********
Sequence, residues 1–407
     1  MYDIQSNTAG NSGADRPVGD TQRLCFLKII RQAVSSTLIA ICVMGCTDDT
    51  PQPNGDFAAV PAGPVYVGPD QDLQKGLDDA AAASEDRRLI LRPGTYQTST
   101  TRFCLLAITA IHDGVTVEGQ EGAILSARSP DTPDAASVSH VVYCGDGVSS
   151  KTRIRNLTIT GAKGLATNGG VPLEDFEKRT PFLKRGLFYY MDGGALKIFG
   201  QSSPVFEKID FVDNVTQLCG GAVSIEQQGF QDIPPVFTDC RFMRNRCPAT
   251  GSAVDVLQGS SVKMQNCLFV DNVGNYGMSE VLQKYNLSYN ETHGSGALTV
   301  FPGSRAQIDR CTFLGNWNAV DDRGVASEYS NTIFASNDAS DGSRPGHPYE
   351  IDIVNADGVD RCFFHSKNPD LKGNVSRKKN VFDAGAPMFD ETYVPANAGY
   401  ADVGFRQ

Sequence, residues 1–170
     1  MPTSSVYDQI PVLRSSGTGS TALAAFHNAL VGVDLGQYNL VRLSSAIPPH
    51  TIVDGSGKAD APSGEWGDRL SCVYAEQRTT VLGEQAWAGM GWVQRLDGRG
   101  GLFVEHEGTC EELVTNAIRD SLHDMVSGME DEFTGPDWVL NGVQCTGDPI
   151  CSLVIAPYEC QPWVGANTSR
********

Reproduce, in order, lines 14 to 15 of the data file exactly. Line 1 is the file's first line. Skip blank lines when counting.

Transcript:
   101  GLFVEHEGTC EELVTNAIRD SLHDMVSGME DEFTGPDWVL NGVQCTGDPI
   151  CSLVIAPYEC QPWVGANTSR